What Is a Softphone?

Software That Takes Communication Beyond the Traditional Telephone

The Eyebeam Softphonen App
counterpath.com

A softphone is a piece of software that simulates the action of a telephone and allows you to make, receive, and manage voice calls over the internet. Softphones run on computers, tablets, PCs, and smartphones, and are necessary for placing VoIP calls and video calls. They typically take the form of dedicated voice-calling or chat apps, or apps embedded within other sites and services (e.g., Facebook Messenger, Google Hangouts).

VoIP

VoIP stands for Voice over Internet Protocol, or Voice over IP, and refers broadly to the technology that allows voice calls to be made over the internet.

Parts of a Softphone

A softphone has the following parts: 

  • An interface that acts as a platform for communication between the user and the computer or device. It usually consists of a graphical pad of numbers similar to a telephone, and in some cases a keyboard to enter names of new contacts and searches. The interface also includes control buttons to manage calls and presentations. It works with audio inputs and outputs available on the softphone device for microphone and speaker functions for calls.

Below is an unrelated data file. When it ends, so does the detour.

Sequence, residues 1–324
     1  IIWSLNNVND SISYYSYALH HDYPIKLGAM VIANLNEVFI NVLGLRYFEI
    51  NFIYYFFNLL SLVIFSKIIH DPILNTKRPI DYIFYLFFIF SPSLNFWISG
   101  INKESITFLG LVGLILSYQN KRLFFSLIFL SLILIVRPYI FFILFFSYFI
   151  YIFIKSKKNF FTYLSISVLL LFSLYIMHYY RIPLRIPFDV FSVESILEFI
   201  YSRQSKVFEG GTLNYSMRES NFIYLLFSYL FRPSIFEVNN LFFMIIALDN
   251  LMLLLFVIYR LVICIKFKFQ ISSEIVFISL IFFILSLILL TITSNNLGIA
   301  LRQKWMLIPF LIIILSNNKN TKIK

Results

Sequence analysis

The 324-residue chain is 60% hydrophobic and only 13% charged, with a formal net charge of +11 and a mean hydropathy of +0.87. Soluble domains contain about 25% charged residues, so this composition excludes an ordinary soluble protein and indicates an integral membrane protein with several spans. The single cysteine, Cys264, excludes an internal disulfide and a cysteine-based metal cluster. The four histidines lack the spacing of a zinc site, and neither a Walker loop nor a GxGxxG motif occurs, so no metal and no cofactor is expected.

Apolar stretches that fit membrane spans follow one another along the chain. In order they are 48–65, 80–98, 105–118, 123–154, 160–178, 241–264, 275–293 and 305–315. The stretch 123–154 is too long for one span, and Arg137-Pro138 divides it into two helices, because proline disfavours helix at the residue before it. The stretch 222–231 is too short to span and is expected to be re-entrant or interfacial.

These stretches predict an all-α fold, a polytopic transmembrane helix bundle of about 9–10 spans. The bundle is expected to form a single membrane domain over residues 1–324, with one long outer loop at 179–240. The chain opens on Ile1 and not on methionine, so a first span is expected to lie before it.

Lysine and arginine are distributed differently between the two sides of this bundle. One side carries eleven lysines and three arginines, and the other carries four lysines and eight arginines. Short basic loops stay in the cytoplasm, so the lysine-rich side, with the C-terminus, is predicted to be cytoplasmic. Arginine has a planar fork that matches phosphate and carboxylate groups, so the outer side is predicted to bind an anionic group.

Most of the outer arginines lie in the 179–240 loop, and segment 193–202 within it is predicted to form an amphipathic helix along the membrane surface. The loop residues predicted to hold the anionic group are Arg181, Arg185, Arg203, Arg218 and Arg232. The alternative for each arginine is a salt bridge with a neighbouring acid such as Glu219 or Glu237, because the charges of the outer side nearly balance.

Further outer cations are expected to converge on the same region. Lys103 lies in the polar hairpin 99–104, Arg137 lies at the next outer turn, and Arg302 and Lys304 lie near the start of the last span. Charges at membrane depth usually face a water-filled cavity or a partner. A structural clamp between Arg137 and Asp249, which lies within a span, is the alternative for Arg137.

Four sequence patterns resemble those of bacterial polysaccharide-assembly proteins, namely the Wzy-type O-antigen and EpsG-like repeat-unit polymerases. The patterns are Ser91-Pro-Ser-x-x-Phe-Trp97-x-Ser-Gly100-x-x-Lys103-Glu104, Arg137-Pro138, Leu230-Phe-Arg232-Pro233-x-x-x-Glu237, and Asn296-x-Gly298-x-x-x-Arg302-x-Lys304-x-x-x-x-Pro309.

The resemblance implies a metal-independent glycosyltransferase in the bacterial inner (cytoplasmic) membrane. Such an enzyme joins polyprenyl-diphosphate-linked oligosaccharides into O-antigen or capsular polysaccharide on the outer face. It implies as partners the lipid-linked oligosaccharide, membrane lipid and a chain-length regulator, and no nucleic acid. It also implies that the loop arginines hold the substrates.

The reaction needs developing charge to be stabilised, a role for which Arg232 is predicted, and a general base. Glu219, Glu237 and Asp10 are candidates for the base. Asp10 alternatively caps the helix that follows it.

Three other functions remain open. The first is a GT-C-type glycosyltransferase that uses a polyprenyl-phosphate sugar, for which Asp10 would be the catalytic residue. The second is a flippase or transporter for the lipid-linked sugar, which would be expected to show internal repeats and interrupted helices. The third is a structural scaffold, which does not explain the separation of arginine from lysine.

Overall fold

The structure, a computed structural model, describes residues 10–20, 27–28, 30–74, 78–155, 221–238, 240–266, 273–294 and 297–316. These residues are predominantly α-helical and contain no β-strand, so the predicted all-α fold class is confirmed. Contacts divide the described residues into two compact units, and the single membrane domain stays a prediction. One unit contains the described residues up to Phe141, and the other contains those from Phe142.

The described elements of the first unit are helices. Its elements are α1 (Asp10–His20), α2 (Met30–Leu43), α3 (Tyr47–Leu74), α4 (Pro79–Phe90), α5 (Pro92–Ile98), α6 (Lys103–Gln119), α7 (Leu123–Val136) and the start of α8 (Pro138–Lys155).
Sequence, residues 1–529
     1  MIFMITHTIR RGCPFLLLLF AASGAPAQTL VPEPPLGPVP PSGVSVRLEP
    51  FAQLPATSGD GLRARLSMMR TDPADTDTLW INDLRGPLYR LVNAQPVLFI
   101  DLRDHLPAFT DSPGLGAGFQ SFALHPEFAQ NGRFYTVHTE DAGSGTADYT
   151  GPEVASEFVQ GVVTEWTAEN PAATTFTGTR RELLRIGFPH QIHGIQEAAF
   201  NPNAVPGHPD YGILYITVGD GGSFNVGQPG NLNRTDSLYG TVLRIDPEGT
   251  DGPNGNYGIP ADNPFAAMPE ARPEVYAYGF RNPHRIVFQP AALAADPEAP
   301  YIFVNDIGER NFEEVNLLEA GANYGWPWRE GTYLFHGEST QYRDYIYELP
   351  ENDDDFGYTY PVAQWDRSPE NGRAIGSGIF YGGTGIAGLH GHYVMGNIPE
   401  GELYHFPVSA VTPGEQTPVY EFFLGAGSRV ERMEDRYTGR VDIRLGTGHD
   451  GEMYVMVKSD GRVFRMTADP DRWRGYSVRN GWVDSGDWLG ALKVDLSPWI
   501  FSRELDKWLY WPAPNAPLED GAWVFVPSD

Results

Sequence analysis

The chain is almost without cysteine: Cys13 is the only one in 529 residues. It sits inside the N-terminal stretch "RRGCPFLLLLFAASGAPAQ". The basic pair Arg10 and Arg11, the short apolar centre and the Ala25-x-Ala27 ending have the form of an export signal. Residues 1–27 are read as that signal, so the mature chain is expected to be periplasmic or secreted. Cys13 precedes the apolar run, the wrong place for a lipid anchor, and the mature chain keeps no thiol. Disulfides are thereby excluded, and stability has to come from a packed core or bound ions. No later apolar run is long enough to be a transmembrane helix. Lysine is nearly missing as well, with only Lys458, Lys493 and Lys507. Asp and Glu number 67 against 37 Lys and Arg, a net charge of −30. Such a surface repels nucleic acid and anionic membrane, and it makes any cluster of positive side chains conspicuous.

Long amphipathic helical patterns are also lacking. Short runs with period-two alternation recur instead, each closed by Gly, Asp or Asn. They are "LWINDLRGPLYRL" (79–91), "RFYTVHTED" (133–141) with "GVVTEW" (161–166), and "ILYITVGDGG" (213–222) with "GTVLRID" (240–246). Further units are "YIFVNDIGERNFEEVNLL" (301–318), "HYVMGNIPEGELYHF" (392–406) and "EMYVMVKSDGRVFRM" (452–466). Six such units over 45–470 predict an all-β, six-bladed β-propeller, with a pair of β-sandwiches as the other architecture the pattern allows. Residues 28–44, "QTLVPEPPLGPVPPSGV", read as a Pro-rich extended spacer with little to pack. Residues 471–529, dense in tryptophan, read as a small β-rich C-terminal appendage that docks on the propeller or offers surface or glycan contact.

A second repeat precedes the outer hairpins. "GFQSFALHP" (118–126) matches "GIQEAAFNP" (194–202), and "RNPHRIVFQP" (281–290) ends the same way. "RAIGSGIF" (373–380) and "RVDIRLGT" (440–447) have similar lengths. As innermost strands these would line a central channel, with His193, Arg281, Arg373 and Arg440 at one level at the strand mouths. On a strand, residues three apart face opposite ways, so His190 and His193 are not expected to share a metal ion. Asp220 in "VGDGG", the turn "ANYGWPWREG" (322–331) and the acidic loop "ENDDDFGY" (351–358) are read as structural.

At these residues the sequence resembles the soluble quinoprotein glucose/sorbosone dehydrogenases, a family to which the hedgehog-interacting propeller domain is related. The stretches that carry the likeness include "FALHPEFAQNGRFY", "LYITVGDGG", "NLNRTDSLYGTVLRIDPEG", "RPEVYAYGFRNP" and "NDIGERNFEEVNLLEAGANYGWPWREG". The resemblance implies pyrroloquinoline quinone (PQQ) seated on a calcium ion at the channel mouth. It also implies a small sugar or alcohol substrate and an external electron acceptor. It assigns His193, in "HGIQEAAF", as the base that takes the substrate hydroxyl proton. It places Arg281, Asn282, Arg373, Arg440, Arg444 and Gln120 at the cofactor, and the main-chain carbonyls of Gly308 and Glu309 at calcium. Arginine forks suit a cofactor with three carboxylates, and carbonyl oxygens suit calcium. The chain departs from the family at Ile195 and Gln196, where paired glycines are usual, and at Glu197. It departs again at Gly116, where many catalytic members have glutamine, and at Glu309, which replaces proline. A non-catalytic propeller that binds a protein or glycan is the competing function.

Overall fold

• An engine for processing calls, with modules in a communication API that allow calls to be placed and received in a particular protocol.
  • A set of codecs that allow voice data to be encoded between analog and digital formats. Codecs also compress the data so that they can easily be transferred over the internet. 
  • A contact list to keep track of numbers and names to easily manage correspondents.

Types of Softphones 

Softphones have evolved over the years as the VoIP industry has grown. In the early days of VoIP, softphones were replications of the traditional phone over a computer, but have since expanded their functions to include video and other features unavailable to traditional telephones. 

Softphones differ based on their functionalities, the purpose of their use, the sophistication and complexity of the protocol they are under, and the features offered. For instance, a softphone designed for business purposes is likely to have a bulky interface and a lot of features with rich menus and options, whereas chat apps on smartphones can have very simple interfaces that require only one or two touches of the finger to initiate communications. 

Examples of Softphones

There are many applications and services for softphones available. Skype is a well-known example of communication software that has softphone functionality incorporated into its interface. Given that Skype users are identified through their usernames and not numbers, the dial pad is not often used. But for SkypeOut calls, a very basic interface allows users to dial the numbers of landlines and mobile devices they are contacting.

More sophisticated softphones do not mimic traditional phones; instead, they use other methods of selecting contacts and dialing. For instance, some softphones use voice recognition that lets users say the names of the contact they want to call to initiate the phone call.

A good example of a business softphone is Counterpath's X-Lite, which is free but full of features. A more enhanced version is the paid Bria.